In Bois Marsoui GDS Inc. v. Directeur des poursuites criminelles et pénales, 2020 QCCS 1327, Mr. Justice Carl Thibault held that an agreement to arbitrate contained in a contract signed with a government entity/agency did not allow merchants to exclude themselves from application of public order environmental legislation. Thibualt J. held that public order provisions aimed at protecting public well-being would lose their utility if parties could derogate from them by contract. Though not stated, the reasons would also support the conclusion that a government entity/agency lacks sufficient authority to contract out of the court’s jurisdiction to resolve disputes involving penal provisions related to laws of public order.

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Alberta – decision to initiate litigation rather than mandatory arbitration qualifies as “injury”

In HOOPP Realty Inc v. Emery Jamieson LLP, 2020 ABCA 159, Alberta’s Court of Appeal underlined the importance of initiating arbitration instead of litigation when bound by a mandatory arbitration agreement.  In considering appeals from motions for summary disposition of actions filed by a client against two (2) law firms, the Court held that a lawyer’s omission to serve the notice to arbitrate qualified as an “injury” to the client within the meaning of section 1(e) of the Limitations Act, RSA 2000, c L-12.  The Court further held that the current law firm’s knowledge of the omission by the former law firm could be imputed to the client in order to trigger the commencement of the limitation period and that the Limitations Act focused on knowledge of facts and not applicable law or chances of success.

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B.C. – questions of mixed fact and law by definition involve aspects of law

In Gormac Developments Ltd. v. Teal Cedar Products Ltd., 2020 BCSC 712, Madam Justice Elizabeth McDonald cautioned that great care be taken to distinguish between arguing that (i) a legal test has been altered in the course of its application and (ii) application of the legal test should have resulted in a different outcome. McDonald J. also acknowledged the need for caution when determining questions of law given that questions of mixed fact and law “by definition, involve aspects of law”.  In addition, an arbitrator is not required to refer to every submission, statutory provision or piece of jurisprudence in the award, there being no requirement to make specific findings on each constituent element for the award to be reasonable.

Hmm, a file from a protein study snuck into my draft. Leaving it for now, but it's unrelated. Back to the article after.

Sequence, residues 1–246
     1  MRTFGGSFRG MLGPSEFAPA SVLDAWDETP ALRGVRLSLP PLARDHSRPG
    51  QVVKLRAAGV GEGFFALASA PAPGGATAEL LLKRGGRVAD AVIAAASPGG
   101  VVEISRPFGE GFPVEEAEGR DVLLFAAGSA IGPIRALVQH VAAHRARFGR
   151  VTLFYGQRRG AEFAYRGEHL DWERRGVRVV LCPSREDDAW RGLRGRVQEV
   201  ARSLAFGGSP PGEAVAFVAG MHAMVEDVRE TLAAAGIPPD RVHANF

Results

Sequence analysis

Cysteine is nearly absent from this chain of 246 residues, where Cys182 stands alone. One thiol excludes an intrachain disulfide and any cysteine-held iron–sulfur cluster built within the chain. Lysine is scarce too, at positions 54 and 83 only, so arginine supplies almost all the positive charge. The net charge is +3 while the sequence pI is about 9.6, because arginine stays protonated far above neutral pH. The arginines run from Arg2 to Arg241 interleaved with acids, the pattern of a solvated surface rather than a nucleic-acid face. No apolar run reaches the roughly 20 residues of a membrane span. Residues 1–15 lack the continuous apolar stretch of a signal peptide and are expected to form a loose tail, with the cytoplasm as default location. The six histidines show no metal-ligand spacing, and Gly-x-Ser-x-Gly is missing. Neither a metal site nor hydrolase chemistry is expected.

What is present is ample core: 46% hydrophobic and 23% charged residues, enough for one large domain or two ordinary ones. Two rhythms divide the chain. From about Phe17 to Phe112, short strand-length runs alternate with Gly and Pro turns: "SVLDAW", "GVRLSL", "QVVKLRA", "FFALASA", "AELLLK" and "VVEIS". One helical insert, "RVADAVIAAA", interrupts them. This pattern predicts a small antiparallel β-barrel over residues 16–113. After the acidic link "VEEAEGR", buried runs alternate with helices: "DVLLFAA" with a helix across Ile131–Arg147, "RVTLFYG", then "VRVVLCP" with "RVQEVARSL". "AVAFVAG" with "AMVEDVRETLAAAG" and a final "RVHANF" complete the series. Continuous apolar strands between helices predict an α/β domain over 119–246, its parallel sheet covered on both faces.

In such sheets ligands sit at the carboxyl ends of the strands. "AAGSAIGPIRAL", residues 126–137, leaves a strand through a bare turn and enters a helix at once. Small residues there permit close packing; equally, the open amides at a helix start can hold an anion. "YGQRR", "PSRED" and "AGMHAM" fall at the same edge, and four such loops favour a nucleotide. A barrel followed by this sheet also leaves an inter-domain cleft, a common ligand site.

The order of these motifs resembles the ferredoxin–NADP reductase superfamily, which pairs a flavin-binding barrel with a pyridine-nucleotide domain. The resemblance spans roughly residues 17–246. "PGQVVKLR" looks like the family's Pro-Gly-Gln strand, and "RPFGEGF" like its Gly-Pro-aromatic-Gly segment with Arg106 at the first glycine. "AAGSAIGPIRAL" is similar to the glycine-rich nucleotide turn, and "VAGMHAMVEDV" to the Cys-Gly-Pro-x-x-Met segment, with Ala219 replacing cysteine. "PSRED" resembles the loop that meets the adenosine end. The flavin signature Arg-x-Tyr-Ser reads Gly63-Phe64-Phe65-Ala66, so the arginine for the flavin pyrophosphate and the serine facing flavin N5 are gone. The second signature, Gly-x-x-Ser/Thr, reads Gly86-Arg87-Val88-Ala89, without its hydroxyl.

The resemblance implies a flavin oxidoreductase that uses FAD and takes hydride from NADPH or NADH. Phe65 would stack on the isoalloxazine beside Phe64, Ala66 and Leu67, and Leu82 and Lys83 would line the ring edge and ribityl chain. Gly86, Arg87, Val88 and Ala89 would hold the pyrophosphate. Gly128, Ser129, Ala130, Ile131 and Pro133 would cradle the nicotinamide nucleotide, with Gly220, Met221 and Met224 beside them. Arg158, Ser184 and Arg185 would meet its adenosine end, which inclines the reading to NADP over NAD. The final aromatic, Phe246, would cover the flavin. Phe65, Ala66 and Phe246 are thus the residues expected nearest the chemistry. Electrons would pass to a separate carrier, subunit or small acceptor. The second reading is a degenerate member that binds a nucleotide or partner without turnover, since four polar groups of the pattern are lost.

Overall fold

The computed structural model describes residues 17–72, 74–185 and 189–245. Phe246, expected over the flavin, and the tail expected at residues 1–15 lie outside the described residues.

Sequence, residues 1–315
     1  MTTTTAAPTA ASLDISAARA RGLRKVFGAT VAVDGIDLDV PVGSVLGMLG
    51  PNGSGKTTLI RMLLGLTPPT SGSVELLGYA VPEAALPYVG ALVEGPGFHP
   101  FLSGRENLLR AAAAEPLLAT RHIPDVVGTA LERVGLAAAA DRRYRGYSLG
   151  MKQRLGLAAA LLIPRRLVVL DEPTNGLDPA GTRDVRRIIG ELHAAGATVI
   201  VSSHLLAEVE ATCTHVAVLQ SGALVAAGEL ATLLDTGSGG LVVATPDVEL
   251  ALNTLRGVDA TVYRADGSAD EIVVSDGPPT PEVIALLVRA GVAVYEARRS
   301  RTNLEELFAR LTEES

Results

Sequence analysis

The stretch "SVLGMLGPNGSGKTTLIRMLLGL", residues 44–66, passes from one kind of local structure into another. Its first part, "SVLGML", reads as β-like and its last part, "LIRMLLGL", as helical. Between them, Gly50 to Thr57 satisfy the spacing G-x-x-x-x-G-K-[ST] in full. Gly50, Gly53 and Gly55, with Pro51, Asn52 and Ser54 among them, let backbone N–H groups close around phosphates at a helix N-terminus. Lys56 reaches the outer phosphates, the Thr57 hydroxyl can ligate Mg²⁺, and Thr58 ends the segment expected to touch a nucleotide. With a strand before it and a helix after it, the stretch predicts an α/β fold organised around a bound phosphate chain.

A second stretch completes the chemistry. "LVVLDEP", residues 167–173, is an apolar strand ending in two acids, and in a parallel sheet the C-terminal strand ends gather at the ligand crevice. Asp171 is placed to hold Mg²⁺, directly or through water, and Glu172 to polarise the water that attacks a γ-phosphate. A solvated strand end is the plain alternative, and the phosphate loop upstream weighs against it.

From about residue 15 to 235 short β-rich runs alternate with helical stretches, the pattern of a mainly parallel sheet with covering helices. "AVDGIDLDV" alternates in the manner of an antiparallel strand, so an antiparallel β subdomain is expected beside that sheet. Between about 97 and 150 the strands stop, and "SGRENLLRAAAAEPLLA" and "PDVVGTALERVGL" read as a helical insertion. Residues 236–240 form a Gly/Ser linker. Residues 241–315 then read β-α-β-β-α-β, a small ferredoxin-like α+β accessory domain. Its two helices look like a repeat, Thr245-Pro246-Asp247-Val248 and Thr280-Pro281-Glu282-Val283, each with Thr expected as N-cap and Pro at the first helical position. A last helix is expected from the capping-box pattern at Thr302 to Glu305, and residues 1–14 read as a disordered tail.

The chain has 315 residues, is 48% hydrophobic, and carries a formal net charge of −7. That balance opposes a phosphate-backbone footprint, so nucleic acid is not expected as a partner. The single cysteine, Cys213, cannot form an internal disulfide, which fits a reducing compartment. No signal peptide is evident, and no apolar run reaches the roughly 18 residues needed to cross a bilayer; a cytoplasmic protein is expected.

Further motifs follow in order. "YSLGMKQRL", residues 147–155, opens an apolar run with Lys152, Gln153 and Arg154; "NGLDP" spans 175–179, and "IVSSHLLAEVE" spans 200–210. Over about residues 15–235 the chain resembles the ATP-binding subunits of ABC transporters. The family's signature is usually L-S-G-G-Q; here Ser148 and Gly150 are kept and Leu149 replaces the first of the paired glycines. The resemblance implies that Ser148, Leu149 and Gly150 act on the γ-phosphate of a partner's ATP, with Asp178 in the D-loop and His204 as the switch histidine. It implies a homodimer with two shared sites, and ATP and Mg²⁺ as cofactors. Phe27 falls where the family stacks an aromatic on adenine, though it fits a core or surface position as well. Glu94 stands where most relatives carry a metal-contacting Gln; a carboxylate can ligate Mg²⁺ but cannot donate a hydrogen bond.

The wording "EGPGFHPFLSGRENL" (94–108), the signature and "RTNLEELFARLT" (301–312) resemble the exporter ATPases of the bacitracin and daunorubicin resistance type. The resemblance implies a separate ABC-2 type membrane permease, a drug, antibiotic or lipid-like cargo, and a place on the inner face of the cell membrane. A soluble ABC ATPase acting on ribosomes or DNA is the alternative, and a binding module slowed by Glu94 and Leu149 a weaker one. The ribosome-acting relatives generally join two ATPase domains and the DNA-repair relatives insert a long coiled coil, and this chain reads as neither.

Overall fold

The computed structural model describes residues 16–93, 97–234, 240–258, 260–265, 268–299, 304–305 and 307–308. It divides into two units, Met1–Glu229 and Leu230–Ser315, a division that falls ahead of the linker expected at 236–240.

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B.C. – a stay is not a dismissal

In Clayworth v. Octaform Systems Inc., 2020 BCCA 117, B.C.’s Court of Appeal held that interpretation of the scope of an agreement to arbitrate is a question of mixed fact and law, not a question of law.  As such, the courts are to apply the “arguable case” test whereby jurisdictional issues relating to the scope of the arbitration agreement are to be resolved in first instance by the arbitrator. The Court also emphasized the distinction between a stay and a dismissal. A stay simply holds proceedings in abeyance until the arbitrator completes the work which the parties agreed should be arbitrated. If the arbitrator determines the dispute is not one referred to arbitration or there are matters which remain unresolved after arbitration, a stay could be lifted upon application.

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Ontario – lawyer’s duty of candour not limited to appearances in court, extends also to arbitration

To address a scheduling issue in court, Mr. Justice Marvin Kurz in Haaksma v. Taylor, 2020 ONSC 2656 relied on rules of professional conduct which expressly stipulate that a lawyer’s duty of candour in ex parte proceedings applies not just to courts but also to arbitrators, mediators and others who resolve disputes, regardless of their function or the informality of their procedures.  Kurz J. emphasized that an exchange can qualify as ex parte even if the other party is aware of the exchange but, due to circumstances, cannot adequately respond or make submissions due, for example, to insufficient notice.  The duty of candour requires lawyers to take particular care to be accurate, candid and comprehensive in presenting a client’s case so as to ensure that the decision-maker is not misled.